Re-invented roads

There was a time that the car had not yet been invented, and we travelled the roads on foot, on horseback, or by horse and carriage. These roads were built for the needs we had back then. They did not have to be wide, and trees on both sides gave shelter from the wind and probably also made the roads easy to find in the landscape. Most likely they were dirt roads or paved with cobblestones.

But then the car came in, with its remarkable speed. And tarmac was invented, serving the traveller with a smoother ride. Many roads were completely rebuilt to create more capacity and exploit the full potential of car driving. Other roads, often in the back country, stayed more or less the way they were, but had to be re-invented.


Like this one. The function of the trees as a shelter is not as relevant as it was in the past. Moreover, they are a safety hazard for people who lose control over their vehicles. But you need a very good reason to fell trees and ruin the historic landscape. So they are still there. And the road is made safer by making it seem smaller (car drivers drive slower on a smaller road), and by adding bike lanes out of red tarmac.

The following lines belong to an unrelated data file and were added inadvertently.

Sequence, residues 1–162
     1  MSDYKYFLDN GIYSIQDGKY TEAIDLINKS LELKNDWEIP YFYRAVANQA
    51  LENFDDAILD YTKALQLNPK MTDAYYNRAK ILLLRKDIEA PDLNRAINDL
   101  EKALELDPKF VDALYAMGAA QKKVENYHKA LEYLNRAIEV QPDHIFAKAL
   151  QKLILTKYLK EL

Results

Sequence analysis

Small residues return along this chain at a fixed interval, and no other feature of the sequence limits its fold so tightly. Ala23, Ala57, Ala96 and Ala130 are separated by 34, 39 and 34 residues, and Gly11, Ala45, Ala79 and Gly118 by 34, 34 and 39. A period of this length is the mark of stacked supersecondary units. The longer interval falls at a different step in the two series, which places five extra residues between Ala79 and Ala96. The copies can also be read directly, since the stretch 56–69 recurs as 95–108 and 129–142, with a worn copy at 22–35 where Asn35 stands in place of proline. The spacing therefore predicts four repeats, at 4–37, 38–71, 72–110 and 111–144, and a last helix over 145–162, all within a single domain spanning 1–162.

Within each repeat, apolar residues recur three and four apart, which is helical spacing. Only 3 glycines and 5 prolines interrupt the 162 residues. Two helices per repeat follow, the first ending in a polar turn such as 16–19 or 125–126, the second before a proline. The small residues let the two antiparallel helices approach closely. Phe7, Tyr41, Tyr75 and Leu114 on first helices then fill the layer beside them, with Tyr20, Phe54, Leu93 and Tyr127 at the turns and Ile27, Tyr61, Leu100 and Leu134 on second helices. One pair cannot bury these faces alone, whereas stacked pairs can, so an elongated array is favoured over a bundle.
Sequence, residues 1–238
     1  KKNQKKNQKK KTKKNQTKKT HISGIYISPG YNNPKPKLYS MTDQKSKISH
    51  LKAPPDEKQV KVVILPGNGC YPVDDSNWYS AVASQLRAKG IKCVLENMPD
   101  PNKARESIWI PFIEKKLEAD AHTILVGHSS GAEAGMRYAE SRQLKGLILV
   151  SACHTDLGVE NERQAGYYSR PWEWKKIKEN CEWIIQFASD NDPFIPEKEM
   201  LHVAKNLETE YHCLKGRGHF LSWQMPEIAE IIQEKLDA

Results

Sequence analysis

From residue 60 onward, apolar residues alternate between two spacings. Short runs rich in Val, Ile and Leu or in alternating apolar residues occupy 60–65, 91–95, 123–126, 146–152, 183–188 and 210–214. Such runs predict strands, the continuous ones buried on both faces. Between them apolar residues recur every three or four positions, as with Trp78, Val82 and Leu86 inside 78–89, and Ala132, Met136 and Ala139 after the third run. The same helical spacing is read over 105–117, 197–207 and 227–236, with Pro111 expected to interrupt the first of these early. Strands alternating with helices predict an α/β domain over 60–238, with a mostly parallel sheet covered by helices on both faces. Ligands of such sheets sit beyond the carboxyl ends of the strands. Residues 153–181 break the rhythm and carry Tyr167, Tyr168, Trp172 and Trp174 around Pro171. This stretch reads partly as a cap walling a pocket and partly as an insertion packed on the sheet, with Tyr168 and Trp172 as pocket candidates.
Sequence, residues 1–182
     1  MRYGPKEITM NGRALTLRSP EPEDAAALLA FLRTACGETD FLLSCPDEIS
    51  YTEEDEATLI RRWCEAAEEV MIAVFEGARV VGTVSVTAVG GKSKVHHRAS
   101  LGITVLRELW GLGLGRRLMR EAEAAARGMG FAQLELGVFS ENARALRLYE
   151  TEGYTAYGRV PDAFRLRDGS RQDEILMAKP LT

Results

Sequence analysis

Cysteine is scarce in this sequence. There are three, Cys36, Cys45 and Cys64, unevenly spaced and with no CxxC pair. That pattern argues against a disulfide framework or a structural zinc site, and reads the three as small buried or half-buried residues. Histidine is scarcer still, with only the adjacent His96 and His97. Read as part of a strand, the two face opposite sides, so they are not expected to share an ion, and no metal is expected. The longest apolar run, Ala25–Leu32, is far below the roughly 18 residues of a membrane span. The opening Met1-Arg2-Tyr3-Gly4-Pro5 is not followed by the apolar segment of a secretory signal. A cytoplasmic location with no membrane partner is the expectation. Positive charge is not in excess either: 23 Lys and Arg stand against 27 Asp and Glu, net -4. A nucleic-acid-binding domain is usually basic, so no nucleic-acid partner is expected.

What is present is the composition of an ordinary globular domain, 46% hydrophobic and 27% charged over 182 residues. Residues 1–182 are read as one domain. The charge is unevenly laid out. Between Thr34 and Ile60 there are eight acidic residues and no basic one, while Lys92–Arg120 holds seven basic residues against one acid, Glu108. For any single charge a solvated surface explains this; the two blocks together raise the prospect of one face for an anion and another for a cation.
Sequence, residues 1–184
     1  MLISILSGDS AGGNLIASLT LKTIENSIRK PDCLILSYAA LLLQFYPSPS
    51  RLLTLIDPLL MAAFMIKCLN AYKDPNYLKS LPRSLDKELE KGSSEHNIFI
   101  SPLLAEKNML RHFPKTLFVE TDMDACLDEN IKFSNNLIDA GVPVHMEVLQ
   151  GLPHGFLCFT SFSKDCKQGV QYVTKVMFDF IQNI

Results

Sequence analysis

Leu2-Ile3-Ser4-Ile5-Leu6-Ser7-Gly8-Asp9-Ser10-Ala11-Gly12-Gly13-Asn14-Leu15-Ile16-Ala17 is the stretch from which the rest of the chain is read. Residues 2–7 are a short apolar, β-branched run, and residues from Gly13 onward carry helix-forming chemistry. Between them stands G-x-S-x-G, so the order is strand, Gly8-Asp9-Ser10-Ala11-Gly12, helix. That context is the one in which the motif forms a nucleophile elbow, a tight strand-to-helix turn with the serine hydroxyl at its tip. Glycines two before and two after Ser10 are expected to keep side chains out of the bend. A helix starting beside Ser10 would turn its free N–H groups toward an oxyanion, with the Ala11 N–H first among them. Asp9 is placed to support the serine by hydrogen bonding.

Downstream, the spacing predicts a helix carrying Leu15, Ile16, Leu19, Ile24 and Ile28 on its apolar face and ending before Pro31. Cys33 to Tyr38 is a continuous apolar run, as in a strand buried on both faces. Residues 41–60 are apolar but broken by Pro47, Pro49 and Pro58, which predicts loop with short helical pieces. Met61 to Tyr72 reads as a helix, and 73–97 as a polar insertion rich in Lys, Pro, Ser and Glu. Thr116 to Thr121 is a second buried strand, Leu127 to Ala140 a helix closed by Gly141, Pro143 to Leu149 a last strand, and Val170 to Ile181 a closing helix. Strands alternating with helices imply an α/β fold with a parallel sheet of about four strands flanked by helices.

The old trees by the side of the road, and the modern tarmac, engineered to make the road as safe as possible, make it a sort of hybrid road. And while hybrid is usually sold as ‘best of both worlds’, the overall picture is not always very appealing.


Look at  another road, that was also re-invented. It probably stayed more or less the way it was, except for the tarmac. In what sense was it re-invented then? Well, by the modes of traffic that make use of it. This road is now excellent for cycling. In the countryside, away from busy traffic, and with a comfortable surface. Some use it for commuter traffic, others for leisure. And the historic character of the road is preserved.

As I took these pictures on a Sunday morning cycle ride, I don’t have to tell you which of these re-invented roads I like most. I hope they are never going to paint white lines on it.


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